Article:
Parkinson’s disease (PD) is a neurodegenerative disorder known to affect movement. Approximately seven million people around the world suffer from PD . Tremor in one hand characterizes the onset of PD. Population suffering with PD shows symptoms of slowed movement. Consequently, PD patients struggle to complete a simple task like picking up a book. This slowness of movement is called bradykinesia. Bradykinesia measurement is vital for monitoring the progression of PD.
The current method of assessing bradykinesia requires patients to perform certain motor tasks in clinical settings. A Unified Parkinson Disease Rating Scale (UPDRS) score is assigned to each task based on the observation by a physician. However, PD patients do not always show natural symptoms during a clinical visit. Also, subjective bias occurs during such assessment of bradykinesia . To overcome these limitations, several attempts have been made to quantify bradykinesia using wearable sensors . Accelerometer, gyroscope or a combination of both have been employed for acquisition of movement data to evaluate bradykinesia .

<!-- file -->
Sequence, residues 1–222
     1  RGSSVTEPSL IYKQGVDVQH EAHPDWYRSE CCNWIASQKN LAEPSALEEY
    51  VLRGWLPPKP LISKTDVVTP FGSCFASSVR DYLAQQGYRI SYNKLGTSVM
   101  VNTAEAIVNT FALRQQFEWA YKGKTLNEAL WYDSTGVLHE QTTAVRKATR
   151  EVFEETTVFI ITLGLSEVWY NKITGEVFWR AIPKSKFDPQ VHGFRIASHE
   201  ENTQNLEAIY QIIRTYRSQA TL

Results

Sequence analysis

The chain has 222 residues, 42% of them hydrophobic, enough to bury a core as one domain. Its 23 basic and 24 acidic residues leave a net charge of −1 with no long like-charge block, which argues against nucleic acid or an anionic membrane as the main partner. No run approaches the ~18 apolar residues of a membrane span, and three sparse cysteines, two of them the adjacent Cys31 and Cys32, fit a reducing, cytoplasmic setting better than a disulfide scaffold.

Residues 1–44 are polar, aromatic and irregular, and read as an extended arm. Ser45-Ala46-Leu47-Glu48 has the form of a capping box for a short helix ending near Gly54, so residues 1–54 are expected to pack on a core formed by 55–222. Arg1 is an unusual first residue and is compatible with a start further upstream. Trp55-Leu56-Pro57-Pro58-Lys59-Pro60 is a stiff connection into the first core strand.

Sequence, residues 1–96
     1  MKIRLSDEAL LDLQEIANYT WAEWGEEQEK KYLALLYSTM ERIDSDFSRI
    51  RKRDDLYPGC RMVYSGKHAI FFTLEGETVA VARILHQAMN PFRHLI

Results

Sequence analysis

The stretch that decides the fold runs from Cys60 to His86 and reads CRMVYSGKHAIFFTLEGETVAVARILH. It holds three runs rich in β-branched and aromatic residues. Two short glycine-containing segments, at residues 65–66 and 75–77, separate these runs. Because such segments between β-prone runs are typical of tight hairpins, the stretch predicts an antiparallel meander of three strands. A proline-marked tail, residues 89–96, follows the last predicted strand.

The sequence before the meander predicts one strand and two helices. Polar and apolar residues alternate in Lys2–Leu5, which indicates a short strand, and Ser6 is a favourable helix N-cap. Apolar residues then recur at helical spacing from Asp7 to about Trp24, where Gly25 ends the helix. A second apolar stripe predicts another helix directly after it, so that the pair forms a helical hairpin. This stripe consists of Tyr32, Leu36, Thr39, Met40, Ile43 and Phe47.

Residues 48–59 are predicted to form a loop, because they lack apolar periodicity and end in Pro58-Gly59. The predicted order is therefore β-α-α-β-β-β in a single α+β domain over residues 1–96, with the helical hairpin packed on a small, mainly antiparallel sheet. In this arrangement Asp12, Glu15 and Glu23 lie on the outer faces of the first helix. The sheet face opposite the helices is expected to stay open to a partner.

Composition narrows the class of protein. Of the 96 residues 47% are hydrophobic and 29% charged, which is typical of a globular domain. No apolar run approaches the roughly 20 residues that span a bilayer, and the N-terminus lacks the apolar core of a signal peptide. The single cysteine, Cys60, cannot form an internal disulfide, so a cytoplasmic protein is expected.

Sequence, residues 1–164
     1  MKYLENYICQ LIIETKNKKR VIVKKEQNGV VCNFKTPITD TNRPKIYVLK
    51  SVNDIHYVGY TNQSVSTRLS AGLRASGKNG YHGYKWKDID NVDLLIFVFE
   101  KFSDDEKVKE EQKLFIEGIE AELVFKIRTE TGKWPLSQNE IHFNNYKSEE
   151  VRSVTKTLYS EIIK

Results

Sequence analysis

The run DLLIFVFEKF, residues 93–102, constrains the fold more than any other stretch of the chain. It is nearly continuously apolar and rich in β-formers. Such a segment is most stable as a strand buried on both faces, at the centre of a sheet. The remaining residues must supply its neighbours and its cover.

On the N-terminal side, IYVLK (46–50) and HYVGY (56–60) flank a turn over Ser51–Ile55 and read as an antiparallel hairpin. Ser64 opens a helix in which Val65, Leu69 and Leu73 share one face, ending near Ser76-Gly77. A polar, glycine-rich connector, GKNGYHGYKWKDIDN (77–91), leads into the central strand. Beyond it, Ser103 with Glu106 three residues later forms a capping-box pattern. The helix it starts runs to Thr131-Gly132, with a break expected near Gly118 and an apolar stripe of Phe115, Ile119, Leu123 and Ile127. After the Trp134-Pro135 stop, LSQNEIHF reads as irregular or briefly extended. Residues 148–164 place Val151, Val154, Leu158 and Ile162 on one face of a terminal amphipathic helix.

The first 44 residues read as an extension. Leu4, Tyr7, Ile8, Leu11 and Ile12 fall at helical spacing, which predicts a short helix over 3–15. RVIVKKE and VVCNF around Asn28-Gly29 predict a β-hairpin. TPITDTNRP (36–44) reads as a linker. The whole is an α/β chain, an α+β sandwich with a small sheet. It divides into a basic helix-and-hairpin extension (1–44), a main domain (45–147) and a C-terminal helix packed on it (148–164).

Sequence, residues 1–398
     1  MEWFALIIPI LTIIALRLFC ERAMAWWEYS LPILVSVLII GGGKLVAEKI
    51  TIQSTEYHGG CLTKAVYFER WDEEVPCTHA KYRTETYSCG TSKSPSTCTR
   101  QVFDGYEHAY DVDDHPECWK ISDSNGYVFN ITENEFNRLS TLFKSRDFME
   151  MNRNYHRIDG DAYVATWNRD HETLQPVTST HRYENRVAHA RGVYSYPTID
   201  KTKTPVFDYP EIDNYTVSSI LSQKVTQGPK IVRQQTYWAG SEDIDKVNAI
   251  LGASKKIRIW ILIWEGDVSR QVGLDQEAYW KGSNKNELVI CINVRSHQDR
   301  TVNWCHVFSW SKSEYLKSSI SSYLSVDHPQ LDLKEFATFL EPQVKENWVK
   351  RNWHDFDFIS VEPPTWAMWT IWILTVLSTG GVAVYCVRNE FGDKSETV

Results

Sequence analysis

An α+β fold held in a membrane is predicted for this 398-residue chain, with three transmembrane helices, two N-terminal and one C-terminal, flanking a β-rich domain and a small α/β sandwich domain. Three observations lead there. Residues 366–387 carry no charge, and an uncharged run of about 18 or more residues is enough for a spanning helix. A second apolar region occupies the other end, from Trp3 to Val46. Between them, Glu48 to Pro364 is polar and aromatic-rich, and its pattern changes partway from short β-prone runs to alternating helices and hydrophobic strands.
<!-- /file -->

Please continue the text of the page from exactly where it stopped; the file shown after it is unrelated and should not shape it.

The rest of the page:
Time domain parameters derived from sensor signals for characterizing bradykinesia which includes speed, amplitude, hesitations, and halt have been evaluated in previous studies. However, the effect of frequency domain parameters and non-linear features extracted from sensor signals for evaluating the severity of bradykinesia is unknown. Whether or not it leads to an improvement in the assessment of bradykinesia needs to be investigated. It is known that the patients suffering from severe bradykinesia have their movement signal distorted due to unpredictable movement or hesitation. Nonlinear features can characterize the degree of complexity and provide further relevant insights regarding the severity of bradykinesia.
In this study, we investigated the efficacy of various frequency-domain and nonlinear parameters to quantify bradykinesia. The objective was to develop a predictive model based on a combination of sophisticated linear (frequency) and non-linear features derived from the sensor signal which has not been previously explored in the literature.